However, some Bhushan Steel employees had challenged the decision before the NCLT contending that Tata Steel was not eligible to bid under Section 29 (A) of the IBC Code.
During the proceedings, senior advocate Rajiv Nayar representing Tata Steel said that CoC of Bhushan Steel had found its offer compliant to the regulations of the Insolvancy & Bankruptcy Code (IBC).
He also justified Tata Steel's stand on not going with power purchase agreement (PPA) of Bhsuhan Steel with Bhushan Energy Ltd (BEL) in the resolution plan submitted before the CoC saying that it was at "exorbitant rate".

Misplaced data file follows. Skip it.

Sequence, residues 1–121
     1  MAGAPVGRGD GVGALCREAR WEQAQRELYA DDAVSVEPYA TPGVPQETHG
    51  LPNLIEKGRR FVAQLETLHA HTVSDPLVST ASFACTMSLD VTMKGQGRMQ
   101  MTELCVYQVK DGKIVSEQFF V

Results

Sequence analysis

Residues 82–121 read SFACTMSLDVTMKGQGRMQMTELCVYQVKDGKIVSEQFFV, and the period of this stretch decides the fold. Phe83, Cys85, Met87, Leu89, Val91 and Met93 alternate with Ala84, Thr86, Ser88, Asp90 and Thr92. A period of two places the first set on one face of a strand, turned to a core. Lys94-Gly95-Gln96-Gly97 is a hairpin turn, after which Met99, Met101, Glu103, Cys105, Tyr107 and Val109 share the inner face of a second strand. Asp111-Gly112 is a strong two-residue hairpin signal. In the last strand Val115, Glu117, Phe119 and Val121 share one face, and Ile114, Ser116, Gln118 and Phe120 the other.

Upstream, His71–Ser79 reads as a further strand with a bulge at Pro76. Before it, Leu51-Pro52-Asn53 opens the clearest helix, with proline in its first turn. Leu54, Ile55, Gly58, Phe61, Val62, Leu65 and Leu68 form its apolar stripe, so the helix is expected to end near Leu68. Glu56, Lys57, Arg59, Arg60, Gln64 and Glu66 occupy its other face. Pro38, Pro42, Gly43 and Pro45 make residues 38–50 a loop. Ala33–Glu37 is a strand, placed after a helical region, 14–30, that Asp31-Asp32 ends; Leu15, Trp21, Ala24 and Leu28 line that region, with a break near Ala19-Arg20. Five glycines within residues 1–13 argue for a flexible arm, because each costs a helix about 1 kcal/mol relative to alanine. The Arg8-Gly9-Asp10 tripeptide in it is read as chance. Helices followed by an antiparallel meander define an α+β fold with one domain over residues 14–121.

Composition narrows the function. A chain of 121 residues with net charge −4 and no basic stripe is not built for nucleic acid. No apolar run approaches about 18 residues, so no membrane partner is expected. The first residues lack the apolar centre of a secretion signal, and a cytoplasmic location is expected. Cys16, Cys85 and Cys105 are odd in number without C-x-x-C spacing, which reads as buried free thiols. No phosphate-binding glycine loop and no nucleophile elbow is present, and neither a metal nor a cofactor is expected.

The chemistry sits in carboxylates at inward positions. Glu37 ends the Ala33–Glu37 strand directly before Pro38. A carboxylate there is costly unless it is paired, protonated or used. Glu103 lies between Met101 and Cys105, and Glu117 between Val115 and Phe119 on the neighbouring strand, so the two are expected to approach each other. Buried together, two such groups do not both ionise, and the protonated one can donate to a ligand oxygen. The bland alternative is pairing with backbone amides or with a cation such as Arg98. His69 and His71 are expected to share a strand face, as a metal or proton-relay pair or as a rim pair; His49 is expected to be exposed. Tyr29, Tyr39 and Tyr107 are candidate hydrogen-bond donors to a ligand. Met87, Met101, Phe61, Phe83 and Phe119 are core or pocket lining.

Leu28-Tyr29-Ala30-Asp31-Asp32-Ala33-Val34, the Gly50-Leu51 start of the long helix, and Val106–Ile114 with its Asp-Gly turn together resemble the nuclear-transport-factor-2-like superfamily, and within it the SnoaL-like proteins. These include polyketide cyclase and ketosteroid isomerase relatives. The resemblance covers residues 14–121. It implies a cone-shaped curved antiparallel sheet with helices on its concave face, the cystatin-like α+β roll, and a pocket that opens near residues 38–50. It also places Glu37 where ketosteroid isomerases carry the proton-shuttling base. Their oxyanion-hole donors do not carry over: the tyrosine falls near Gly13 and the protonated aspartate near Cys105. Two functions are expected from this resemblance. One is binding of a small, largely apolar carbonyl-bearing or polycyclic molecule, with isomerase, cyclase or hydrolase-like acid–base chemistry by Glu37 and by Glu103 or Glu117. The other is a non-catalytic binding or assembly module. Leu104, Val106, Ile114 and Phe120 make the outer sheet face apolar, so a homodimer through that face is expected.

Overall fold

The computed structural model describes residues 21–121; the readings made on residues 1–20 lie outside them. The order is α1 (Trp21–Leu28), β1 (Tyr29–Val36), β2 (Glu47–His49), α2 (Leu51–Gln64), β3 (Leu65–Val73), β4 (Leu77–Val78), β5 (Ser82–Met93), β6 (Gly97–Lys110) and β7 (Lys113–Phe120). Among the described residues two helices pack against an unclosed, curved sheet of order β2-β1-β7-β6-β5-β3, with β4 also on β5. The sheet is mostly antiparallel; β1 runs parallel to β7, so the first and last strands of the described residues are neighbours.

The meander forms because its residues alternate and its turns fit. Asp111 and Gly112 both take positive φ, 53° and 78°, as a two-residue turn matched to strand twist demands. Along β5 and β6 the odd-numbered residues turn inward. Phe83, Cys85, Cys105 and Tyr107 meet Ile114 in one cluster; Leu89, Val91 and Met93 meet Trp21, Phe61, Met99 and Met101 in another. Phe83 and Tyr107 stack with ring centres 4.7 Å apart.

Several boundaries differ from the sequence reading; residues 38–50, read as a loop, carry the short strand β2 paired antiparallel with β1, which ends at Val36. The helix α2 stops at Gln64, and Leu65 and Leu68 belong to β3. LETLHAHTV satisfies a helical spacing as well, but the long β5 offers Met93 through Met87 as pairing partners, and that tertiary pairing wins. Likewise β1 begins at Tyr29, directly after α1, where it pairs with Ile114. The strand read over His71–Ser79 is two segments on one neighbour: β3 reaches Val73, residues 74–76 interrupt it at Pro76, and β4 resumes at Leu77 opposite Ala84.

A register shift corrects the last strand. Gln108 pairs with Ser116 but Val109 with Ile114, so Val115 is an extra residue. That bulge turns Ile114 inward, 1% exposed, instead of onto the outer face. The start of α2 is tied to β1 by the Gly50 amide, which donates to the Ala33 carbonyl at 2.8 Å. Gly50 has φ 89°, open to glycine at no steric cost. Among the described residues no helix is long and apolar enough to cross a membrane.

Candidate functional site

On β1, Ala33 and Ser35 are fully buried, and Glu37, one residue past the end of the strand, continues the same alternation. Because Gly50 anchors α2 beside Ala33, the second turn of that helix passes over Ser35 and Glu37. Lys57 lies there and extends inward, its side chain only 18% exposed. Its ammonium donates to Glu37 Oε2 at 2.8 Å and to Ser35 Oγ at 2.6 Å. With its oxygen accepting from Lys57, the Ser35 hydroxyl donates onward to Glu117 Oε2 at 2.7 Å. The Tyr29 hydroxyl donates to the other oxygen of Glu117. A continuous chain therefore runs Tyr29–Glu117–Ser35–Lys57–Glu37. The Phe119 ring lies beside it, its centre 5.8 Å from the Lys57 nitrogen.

"We cannot be burdened with such contract... It has to be terminated," said Nayar adding that the agreement binds it to purchase the entire power generation of BEL, whether it is utilised or not.
On April 9, BEL, which is also going through insolvency proceedings, had approached NCLT contending that termination of PPA with Bhushan Steel and avoidance of any payment by the successful bidder would be against the contract.
However, Nayar said that such petty contracts shall not be allowed and alleged that they are operational creditors and and their contract could not stand.
As on February 1, 2018, Bhushan Steel had a total debt of Rs 571.6 billion (Rs 57,160 crore).